Political News

S. Korea continues military drills after N. Korean nuke test

Posted September 5

South Korean army soldiers take positions with their K-55 self-propelled howitzers during a military exercise in Paju, South Korea, near the border with North Korea, Monday, Sept. 4, 2017. North Korea said it set off a hydrogen bomb Sunday in its sixth nuclear test, which judging by the earthquake it set off appeared to be its most powerful explosion yet. (AP Photo/Ahn Young-joon)

— South Korean warships conducted live-fire exercises at sea Tuesday as Seoul continued its displays of military capability following U.S. warnings of a "massive military response" after North Korea detonated its largest-ever nuclear test explosion.

South Korea's presidential office also said Washington and Seoul have agreed to remove bilaterally agreed warhead restrictions on South Korean missiles, which would allow the South to develop more powerful weapons that would boost its pre-emptive strike capabilities against the North.

The South's military exercises on Monday involved F-15 fighter jets and land-based ballistic missiles simulating an attack on North Korea's nuclear test site to "strongly warn" Pyongyang over the recent detonation.

The heated words from the United States and the military maneuvers in South Korea are becoming familiar responses to North Korea's rapid, as-yet unchecked pursuit of a viable arsenal of nuclear-tipped missiles that can strike the United States. The most recent, and perhaps most dramatic, advance came Sunday in an underground test of what leader Kim Jong Un's government claimed was a hydrogen bomb, the North's sixth nuclear test since 2006.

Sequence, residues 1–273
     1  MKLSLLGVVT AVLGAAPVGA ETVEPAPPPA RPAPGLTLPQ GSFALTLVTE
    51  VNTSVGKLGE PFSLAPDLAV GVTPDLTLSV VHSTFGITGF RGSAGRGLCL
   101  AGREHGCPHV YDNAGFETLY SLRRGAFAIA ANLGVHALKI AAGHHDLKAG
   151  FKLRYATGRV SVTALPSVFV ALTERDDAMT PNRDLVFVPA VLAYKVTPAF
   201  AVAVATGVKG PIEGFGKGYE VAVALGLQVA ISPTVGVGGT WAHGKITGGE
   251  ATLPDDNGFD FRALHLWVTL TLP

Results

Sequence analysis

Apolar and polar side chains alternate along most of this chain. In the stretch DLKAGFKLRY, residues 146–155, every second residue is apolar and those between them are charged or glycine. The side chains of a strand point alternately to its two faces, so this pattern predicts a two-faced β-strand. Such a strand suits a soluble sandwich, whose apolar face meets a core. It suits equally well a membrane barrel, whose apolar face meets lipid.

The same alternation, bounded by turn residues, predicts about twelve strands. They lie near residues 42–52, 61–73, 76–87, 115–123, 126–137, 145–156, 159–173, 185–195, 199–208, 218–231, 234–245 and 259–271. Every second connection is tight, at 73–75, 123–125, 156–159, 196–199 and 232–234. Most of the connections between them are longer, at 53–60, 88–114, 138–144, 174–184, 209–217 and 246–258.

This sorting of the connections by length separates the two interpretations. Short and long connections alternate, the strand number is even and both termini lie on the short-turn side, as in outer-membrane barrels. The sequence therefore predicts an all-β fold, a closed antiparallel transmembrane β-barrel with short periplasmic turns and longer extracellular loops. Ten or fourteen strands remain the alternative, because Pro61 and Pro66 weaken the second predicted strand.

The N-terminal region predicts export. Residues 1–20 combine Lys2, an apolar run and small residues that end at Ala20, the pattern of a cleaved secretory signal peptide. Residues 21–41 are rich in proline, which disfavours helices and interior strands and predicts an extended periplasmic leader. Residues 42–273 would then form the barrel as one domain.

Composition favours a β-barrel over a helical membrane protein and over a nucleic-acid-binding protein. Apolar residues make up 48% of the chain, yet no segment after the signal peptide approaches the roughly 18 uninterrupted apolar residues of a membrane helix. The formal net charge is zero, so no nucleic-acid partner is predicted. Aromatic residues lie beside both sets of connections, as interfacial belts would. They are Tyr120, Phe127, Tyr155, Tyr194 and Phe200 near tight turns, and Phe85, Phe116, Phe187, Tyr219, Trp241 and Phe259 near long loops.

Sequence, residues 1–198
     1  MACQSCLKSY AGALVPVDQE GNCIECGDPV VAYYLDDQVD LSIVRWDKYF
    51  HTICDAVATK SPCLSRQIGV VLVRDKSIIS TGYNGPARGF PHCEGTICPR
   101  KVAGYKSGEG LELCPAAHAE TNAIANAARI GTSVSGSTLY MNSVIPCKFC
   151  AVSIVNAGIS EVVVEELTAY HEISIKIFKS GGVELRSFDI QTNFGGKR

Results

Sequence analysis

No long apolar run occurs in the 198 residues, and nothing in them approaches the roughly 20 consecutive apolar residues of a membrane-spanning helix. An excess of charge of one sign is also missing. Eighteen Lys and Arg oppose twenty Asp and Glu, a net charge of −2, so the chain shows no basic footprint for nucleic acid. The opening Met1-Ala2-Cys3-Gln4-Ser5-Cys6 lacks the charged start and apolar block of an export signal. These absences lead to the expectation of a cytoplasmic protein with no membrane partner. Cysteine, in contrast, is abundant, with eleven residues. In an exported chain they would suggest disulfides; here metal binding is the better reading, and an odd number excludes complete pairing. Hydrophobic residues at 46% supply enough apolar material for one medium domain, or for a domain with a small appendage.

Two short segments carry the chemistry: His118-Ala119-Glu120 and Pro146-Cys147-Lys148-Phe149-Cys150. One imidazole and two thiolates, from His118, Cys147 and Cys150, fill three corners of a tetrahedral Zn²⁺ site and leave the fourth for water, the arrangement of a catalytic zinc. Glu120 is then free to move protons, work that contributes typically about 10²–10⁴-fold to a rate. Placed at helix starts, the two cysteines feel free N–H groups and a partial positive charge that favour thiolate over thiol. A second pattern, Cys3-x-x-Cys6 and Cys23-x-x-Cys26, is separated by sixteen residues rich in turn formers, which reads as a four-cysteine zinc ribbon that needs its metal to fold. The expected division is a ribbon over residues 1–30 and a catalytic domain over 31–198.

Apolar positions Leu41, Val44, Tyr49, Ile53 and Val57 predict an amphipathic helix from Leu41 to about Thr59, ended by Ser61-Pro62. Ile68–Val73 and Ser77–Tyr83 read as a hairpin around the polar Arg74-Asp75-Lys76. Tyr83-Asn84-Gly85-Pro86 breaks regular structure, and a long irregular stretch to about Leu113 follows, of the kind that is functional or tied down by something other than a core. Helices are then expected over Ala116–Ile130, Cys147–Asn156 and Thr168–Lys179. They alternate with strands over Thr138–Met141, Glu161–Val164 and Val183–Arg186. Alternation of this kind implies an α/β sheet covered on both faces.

The U.N. Security Council held its second emergency meeting about North Korea in a week on Monday, with U.S. Ambassador Nikki Haley saying the North's actions show that Kim is "begging for war," and the time has come for the Security Council to adopt the strongest diplomatic measures.

"Enough is enough. War is never something the United States wants. We don't want it now. But our country's patience is not unlimited," Haley said.

South Korea has been seeking to obtain more powerful missiles while it pursues a so-called "kill chain" pre-emptive strike capability to cope with North Korea's growing nuclear and missile threat.

Since the late 1970s, South Korean missile developments have been limited by a bilateral "guideline" between the U.S. and South, and it was updated in 2012 to allow the South to increase the range of its weapons from 500 kilometers (310 miles) to 800 kilometers (497 miles).

The agreement revealed Tuesday removes the 500-kilogram (1,100 pound) warhead limit on South Korea's maximum-range missiles, which would free the South to develop more powerful weapons potentially targeting the North's underground facilities and shelters.

In addition to expanding its missile arsenal, South Korea is also strengthening its missile defense, which includes the high-tech Terminal High Altitude Area Defense battery currently deployed in the southeastern county of Seongju.

On Tuesday, a 2,500-ton frigate, a 1000-ton patrol ship and 400-ton guided-missile vessels participated in drills off the eastern coast aimed at retaliating against potential North Korean provocations, the Defense Ministry said. The ministry said more naval drills are planned from Wednesday to Saturday in the country's southern seas.

The ministry said on Monday that North Korea appeared to be planning a future missile launch, possibly of an ICBM, to show off its claimed ability to target the United States with nuclear weapons, though it was unclear when such a launch might happen. Ministry official Chang Kyung-soo told lawmakers that it was seeing preparations in the North for an ICBM test but didn't provide details about how officials had reached that assessment. Chang also said the yield from the latest nuclear detonation appeared to be about 50 kilotons, which would mark a "significant increase" from North Korea's past nuclear tests.